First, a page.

Americans are working hard, but employers aren’t necessarily working for them. Now a radical idea to guarantee U.S. workers a cut of their company’s profits could one day force employers to cough up more of the wealth.
While established profit-sharing and equity-ownership programs already give a financial boost to many American workers, and enjoy bipartisan support in Washington, some advocates for workers’ rights believe more must be done. They want lawmakers to order U.S. companies to pay workers a cash dividend tied to profits, just like any shareholder receives.
Call it profit sharing 2.0. Its supporters envision a day when large privately owned and publicly traded U.S. companies would be required by law to transfer newly issued shares into a collective fund for their workers. Employees wouldn’t individually own the shares, which would wield voting power and be held in a worker-controlled trust, but would receive regular dividends. The fund would be optional for small companies.
“Granting employees an equity ‘stake and a say’ in the companies that they work for means that when corporate executives decide on the level of dividends to be paid to shareholders, the workers who created the profits will not be left in the dust,” Lenore Palladino, a fellow at the Roosevelt Institute and assistant professor at the University of Massachusetts at Amherst, wrote in an article published on the institute’s website.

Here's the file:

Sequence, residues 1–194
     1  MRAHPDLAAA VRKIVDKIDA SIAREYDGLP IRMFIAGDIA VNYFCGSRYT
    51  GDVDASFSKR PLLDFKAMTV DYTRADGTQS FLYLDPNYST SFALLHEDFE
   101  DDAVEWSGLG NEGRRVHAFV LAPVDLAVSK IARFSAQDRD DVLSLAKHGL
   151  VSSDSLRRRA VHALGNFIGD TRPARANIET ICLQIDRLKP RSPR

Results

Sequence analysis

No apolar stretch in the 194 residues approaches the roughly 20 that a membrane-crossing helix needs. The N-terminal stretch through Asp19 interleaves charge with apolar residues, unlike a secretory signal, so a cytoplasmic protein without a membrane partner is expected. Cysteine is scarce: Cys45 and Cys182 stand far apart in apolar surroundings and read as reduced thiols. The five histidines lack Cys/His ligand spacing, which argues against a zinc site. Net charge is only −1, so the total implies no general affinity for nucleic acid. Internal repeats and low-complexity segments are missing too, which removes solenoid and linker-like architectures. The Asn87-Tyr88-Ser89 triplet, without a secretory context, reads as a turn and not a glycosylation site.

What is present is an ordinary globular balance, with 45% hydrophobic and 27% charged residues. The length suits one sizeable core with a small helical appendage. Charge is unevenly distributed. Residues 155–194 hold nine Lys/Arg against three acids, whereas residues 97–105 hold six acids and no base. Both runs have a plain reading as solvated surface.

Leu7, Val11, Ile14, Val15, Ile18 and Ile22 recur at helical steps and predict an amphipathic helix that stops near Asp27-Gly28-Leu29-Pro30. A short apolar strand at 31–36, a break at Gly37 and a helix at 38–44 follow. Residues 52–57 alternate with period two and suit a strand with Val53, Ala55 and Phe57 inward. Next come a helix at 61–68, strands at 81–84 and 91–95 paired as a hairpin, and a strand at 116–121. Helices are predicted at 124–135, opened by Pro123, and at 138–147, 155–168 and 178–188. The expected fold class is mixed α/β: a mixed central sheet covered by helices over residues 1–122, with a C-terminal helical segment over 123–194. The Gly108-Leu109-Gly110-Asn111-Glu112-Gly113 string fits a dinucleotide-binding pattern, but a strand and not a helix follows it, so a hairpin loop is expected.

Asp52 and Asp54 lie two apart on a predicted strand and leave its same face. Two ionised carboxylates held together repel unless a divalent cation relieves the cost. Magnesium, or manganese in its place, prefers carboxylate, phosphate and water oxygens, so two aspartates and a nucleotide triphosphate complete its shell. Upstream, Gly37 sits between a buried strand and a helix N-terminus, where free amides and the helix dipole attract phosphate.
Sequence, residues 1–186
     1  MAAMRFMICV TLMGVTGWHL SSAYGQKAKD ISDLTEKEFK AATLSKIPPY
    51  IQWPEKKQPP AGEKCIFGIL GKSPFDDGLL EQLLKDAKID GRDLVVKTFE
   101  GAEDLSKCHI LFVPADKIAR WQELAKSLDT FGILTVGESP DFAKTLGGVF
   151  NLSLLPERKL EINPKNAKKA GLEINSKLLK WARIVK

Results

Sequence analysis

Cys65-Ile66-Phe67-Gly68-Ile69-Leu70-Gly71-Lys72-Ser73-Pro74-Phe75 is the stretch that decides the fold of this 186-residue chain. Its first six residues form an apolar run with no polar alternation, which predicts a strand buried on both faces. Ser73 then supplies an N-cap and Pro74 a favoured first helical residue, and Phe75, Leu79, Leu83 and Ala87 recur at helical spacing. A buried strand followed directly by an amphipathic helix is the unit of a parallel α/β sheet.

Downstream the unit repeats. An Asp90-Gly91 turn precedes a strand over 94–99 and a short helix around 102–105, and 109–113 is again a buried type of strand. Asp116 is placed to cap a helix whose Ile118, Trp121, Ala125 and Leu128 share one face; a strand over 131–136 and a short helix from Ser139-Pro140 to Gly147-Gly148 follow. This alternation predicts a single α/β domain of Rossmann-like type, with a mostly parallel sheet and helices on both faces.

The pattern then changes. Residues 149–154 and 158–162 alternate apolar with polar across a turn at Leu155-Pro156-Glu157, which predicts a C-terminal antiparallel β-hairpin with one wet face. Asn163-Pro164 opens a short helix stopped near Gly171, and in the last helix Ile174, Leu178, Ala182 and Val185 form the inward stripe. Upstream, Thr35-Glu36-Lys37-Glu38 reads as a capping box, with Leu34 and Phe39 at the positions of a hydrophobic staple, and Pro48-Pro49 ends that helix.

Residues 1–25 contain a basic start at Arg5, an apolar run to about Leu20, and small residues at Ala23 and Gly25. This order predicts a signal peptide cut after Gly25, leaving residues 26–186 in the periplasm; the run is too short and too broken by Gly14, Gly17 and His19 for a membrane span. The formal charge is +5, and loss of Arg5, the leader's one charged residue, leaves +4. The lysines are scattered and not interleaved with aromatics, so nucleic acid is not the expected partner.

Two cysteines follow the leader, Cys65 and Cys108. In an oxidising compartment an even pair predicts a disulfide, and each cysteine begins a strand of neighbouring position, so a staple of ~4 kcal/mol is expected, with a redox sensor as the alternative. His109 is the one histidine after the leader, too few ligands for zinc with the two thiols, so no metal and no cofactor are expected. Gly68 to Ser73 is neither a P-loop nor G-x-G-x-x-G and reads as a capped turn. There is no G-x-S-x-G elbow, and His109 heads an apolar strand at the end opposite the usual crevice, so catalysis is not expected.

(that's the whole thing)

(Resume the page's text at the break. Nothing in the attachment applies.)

This dream of a fund that gives money and power to American workers is imported directly from the U.K., where it’s gained considerable traction.
In a July 2018 report commissioned by the U.K.’s progressive Co-Operative Party, the New Economics Foundation, a left-leaning London-based think tank, planted the seed for an “inclusive ownership fund” — a new way to transfer control of a business to workers over time.
‘Give more people a stake’
“If we want to build more inclusive, prosperous and productive companies, we need to broaden ownership and give more people a stake,” Mathew Lawrence, director of London-based think tank Common Wealth and a co-author of the report, said in an email.
For precedent, the report’s authors looked to the John Lewis Partnership, the U.K.’s largest worker-run company, whose generous and lucrative benefits make it something of a gold standard of employee profit-sharing. “In many respects, our proposal for an Inclusive Ownership Fund can be thought of as a John Lewis law,” the report’s authors noted.